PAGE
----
Kimi (Photo: Warner Bros. Pictures)
Want 87 minutes of something bright and beautiful with a cool kind of “hotness?” Try Kimi, a minimalist thriller in which Steven Soderbergh’s camera and an electric-blue-haired Zoe Kravitz move in sync like two rare birds in flight.
Kravitz plays Angela Childs, a data stream analyst for a company behind “KIMI”, a more responsive version of the ALEXA smart audio device, that’s about to go public. The movie opens with a sleazy-looking guy doing a Zoom presser from his kitchen (COVID remote rules, a sketchy company or both?) explaining that KIMI is better than other devices because its communication skills are constantly updated. One might think twice about how that could happen, unless your desire for a gadget — which, for example, doesn’t start up “Solitude” when you’ve told it to play “Sabotage” — outweighs your nervousness that every breath you take is being recorded and sold to the highest bidder, something that your smart phone is probably already doing. I might be even more worried about buying a product from a company named Amygdala, and if I were Angela, whose amygdala is in overdrive, afflicting her with agoraphobia, I might wonder if something more than serendipity got me this job, which can be done without ever leaving the confines of a large, industrial-designed, sunlit, personal space. Back story is handled in about three terse sentences: Angela renovated the space with her father, who seems to have left it to her when he died, his death being one of three causes of her fear of venturing past her front door – the pandemic being the most obvious — and also the explanation of how a woman who monitors data streams could afford such digs. Agoraphobia notwithstanding, Angela is physically and mentally more than competent at using the tools of her trade, and also the tools which transformed a space that might once have been a factory into an enviable piece of real estate, thus allowing screenwriter David Koepp to follow Chekov’s rule that a weapon mentioned in act one must be activated in act three.
Deftly written and directed, Kimi is joyously built around Kravitz’s tour de force performance, which is idiosyncratic without ever being mannered. Except for the prologue described above she is never off the screen, and until the action-packed third act, she is often alone. This is the first movie in which Soderbergh revels in color (Kimi’s fuchsia light, Angela’s blue hair, her puce sweater and burnt orange hoodie) – not primary colors as in Godard, but just as vibrant. The first time we see Kimi, she’s puttering around her loft, and Soderbergh’s camera swoops around her as Cliff Martinez’s full orchestral score suggests that there’s more going on than meets the eye, bringing a hint of Hitchcock’s Vertigo to the quotidian activities of coffee making and opening screens. A hint, that’s all, as there will be hints of Rear Window, Blow Out, The Conversation and Three Days of the Condor — just enough to remind us that the thriller genre has a pleasurable, twisty history, and also that something different is happening here because the protagonist is a woman. From the tall windows next to her desk, Angela sees two guys with eyes on her. One (Devin Ratray) might be a peeping tom; the other (Byron Bowers) is clearly a friend. Angela gestures that she’ll meet him on the street below and then rushes around scooping up her phone, keys, mask, prescription drugs and stuffing them into her purse. She gets as far as touching the lock on the front door before collapsing on the floor. The camera hovers above, like an adult bird, helplessly watching a fledgling that’s fallen from the nest. On the street, the BF shrugs and leaves for work. Later, he comes by, they have a fast fuck, and although Angela starts to strip the bed and throw the sheets in the wash even before he has time to sit up (remember when you wiped everything that came from the outside with bleach?), there’s just enough going on between them to suggest that there is hope for this relationship .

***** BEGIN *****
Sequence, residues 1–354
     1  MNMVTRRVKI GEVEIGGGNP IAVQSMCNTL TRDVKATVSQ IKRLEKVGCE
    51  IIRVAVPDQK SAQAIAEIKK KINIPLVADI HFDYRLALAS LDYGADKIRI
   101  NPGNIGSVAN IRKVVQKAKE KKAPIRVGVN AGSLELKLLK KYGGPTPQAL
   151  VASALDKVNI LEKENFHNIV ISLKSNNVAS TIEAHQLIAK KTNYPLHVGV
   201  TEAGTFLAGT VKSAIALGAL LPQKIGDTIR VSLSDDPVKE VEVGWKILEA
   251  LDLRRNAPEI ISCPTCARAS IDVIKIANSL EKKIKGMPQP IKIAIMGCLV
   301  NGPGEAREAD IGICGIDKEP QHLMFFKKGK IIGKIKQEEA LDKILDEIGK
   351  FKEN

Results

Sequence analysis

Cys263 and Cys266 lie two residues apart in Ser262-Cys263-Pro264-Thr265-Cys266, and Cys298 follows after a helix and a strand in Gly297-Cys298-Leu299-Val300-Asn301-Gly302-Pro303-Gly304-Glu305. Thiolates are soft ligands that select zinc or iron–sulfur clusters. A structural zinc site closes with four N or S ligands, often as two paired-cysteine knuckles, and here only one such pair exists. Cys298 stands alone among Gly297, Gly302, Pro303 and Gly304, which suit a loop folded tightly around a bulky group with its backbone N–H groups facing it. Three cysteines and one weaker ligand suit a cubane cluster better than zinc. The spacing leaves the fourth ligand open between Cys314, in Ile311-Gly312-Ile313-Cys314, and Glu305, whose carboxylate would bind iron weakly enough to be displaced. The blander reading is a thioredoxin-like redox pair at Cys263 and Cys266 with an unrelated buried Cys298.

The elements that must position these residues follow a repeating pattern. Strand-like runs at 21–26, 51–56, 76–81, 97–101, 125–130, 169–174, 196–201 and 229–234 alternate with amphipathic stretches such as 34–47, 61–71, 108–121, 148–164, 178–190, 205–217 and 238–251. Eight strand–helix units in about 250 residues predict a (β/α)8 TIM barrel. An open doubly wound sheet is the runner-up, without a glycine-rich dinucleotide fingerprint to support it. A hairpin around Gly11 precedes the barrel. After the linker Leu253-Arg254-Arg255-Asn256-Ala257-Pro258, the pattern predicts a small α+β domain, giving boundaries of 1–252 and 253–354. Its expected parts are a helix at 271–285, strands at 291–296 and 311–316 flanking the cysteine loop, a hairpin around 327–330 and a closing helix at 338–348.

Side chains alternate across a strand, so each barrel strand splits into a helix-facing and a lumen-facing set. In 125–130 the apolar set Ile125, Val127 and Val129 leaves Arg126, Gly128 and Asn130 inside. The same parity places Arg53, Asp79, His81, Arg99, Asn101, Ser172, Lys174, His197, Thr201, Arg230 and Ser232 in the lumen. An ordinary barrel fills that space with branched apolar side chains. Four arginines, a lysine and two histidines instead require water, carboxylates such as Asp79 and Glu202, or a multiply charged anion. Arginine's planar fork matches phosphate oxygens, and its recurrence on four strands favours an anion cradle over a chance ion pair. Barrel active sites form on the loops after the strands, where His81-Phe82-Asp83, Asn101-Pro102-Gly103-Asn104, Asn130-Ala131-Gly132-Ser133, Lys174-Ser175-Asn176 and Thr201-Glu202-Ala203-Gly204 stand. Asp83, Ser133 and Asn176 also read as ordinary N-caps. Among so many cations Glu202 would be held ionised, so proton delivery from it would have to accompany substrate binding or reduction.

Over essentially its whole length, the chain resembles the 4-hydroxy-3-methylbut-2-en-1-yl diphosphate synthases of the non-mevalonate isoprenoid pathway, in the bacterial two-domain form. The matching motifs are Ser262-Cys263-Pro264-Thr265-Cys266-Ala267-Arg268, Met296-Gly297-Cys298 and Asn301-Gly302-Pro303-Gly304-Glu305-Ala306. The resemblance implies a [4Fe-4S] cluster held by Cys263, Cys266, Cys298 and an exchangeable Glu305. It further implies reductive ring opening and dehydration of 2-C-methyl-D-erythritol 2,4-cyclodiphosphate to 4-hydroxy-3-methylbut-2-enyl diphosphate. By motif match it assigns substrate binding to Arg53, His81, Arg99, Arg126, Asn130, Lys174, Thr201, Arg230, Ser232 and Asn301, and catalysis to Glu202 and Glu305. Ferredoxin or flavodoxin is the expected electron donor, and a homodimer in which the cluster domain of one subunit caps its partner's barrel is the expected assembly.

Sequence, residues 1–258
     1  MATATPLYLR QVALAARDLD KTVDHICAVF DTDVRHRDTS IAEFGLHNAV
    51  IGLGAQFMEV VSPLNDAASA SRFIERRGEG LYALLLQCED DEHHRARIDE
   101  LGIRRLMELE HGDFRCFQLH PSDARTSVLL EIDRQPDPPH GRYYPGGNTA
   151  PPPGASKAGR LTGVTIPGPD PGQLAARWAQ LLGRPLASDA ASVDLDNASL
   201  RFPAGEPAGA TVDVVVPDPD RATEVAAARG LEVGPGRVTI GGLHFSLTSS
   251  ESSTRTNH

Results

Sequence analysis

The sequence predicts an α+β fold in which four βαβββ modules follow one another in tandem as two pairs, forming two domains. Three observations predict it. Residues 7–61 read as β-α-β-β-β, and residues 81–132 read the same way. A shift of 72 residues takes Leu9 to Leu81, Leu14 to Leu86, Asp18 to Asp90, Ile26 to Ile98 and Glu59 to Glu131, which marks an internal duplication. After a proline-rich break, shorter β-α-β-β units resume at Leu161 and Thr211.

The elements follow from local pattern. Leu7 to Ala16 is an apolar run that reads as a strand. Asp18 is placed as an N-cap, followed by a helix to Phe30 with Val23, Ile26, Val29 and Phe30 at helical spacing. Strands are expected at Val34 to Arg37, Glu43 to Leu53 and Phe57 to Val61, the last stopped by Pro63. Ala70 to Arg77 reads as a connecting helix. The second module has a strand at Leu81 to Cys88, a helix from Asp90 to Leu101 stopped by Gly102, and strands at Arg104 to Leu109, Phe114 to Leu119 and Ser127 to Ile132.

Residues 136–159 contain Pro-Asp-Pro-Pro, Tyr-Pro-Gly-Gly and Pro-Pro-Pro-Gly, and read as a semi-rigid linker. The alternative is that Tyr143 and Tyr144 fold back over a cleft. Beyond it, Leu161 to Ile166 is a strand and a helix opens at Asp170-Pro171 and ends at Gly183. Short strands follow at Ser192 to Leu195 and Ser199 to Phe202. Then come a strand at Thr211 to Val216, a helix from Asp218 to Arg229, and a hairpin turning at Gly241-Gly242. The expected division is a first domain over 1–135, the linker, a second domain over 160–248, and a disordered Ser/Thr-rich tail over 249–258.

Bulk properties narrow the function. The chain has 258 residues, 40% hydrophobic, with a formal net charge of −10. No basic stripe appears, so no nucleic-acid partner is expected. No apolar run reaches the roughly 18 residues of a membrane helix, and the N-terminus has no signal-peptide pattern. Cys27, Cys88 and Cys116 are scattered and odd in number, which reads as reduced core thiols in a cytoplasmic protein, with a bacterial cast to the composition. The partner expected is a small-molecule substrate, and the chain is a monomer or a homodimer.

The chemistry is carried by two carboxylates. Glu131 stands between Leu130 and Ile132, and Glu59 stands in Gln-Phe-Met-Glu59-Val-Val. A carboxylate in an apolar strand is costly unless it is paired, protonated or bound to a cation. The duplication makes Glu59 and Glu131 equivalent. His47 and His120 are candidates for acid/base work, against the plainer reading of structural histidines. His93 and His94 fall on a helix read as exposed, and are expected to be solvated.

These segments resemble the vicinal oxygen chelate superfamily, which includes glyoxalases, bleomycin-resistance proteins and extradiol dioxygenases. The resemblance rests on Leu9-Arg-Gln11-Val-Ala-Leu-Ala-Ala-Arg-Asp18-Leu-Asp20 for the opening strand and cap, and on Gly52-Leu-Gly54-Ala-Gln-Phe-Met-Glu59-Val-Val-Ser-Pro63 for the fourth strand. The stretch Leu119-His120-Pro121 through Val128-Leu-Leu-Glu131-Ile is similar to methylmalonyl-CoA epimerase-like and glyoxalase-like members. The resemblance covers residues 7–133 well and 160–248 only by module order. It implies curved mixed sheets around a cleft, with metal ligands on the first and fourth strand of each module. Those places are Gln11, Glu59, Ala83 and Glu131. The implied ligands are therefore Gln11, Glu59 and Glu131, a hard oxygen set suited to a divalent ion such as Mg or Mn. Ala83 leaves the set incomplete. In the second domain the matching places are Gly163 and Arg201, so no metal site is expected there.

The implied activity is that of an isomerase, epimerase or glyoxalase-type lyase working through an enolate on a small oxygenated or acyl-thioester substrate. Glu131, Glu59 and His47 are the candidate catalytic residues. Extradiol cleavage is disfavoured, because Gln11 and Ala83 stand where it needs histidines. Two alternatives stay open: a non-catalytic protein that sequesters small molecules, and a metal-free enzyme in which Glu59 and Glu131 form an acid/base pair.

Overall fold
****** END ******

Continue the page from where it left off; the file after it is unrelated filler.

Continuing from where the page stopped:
Most of Angela’s relationships, however, take place on screens — mother, girlfriend, shrink, a co-worker in Romania, who greets her with an enthusiastic “Hey, Hotness.” (He’s played by Alex Dobrenko, and he’s a real find.) Catching up with work, Angela listens to streams from the day before and hears what sounds to her — and to us – like a woman screaming as she is murdered. When her bosses refuse to take this seriously, telling her to erase the tape and forget about it, she’s forced to leave her house to confront them directly, and then to flee from them through downtown Seattle, where crowds of Black Lives Matter protesters become her temporary shield, until she arrives back home, which is now anything but a safe space. This extended chase sequence seems both precisely mapped and made up on the spot, and not only this sequence, but the entire movie. A year or so from now, I’ll watch Kimi again and remember not just the panic of the pandemic, but the pleasure of movies that dazzle the mind’s eye and ear, particularly this one.
Kimi streams beginning tomorrow on HBO Max.